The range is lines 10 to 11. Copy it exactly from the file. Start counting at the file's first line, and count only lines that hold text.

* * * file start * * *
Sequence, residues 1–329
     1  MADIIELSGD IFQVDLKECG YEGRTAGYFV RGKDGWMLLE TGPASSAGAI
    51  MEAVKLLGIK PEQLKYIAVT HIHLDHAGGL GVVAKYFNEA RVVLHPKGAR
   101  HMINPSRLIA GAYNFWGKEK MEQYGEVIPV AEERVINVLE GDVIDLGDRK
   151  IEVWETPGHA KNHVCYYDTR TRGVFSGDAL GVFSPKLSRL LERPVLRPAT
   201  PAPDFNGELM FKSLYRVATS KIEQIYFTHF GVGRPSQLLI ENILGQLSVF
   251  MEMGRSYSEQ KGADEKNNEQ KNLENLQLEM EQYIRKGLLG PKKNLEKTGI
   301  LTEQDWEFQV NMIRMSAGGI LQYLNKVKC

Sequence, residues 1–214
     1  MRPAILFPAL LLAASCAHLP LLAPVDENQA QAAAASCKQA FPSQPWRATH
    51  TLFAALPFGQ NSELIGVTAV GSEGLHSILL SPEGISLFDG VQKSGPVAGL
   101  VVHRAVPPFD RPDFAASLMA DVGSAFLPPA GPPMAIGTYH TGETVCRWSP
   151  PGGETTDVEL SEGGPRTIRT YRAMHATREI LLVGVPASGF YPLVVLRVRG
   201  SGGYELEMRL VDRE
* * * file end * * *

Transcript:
     1  MRPAILFPAL LLAASCAHLP LLAPVDENQA QAAAASCKQA FPSQPWRATH
    51  TLFAALPFGQ NSELIGVTAV GSEGLHSILL SPEGISLFDG VQKSGPVAGL